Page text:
Downton Abbey Creator Defends [Spoiler]'s Death, Reveals Length of Season 4 Time Jump
Downton Abbey is making Matthew Crawley’s funeral a private affair — so private, in fact, it won’t even take place on screen.
Julian Fellowes, creator of PBS’ international phenom, tells the New York Times that Season 4 will pick up “six months later,” which means “we don’t have to do funerals and all that stuff. That’s all in the past by then.”
In the present, Stateside fans of the show are still very much in mourning over Matthew’s untimely demise in Sunday’s Season 3 finale. For his part, Fellowes says he was left with no choice but to kill Dan Stevens’ beloved character off.
“In America, it’s quite standard for an actor to sign, at the beginning of a series, for five or seven years,” he explains. “The maximum any British agent will allow you to have over an actor is three years. And… Dan wanted to go. The show had been very, very successful, tremendously so, and [he was] being offered great opportunities.”
Fellowes adds that he asked Stevens to stick around through Season 4′s premiere episode (set to air in the U.S. in January 2014), so as to end the finale “on a happy note” with the birth of his and Lady Mary’s baby. “And then [we would've killed] him in the first episode of [Season 4.] But he didn’t want to do that,” preferring instead to make “a clean break.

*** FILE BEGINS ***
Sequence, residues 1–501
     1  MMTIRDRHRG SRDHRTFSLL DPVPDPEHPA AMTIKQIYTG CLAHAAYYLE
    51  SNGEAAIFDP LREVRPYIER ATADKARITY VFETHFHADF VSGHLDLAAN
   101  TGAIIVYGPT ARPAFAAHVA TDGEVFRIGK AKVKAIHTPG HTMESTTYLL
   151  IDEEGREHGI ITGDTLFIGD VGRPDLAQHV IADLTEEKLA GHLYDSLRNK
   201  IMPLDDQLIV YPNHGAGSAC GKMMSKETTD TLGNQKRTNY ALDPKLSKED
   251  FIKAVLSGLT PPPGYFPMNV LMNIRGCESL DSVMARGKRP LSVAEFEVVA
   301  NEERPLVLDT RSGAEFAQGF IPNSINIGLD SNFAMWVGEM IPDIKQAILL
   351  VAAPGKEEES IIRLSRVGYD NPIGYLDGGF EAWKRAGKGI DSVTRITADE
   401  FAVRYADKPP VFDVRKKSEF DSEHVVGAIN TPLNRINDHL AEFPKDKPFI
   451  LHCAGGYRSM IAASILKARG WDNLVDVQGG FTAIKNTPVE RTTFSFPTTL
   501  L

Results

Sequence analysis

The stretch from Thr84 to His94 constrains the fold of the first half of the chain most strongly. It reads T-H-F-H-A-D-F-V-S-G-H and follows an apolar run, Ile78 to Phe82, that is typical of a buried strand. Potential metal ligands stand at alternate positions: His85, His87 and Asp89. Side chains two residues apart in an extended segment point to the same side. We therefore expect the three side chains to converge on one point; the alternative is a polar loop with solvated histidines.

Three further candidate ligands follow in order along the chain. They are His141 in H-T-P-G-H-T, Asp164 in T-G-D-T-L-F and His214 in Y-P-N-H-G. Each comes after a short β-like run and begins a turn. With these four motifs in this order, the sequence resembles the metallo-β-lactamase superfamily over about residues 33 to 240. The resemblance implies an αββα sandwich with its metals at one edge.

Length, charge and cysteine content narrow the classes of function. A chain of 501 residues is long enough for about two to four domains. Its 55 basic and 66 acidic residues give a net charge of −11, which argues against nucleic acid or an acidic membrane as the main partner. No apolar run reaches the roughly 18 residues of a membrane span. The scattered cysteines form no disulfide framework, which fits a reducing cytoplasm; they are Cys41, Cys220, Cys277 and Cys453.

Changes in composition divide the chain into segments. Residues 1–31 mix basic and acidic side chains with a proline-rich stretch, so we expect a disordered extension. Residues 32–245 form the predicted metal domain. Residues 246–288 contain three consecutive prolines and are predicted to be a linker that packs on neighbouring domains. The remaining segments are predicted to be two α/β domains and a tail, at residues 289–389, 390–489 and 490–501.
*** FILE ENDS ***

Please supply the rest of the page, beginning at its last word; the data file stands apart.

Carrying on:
“When an actor playing a servant wants to leave, there isn’t really a problem – [that character gets] another job,” he continues. “With members of the family, once they’re not prepared to come back for any episodes at all, then it means death. Because how believable would it be that Matthew never wanted to see the baby, never wanted to see his wife? And was never seen again at the estate that he was the heir to? So we didn’t have any option, really. I was as sorry as everyone else.”
Looking ahead to Season 4, Fellowes teases that one of the overriding themes will be “the rebuilding of Mary… in a society that is changing,” adding, “We would see women’s roles in the ’20s as being very much behind women today. But it was a big advance on what it had been 30 years before. And that’s all explored.”Follow @MichaelAusiello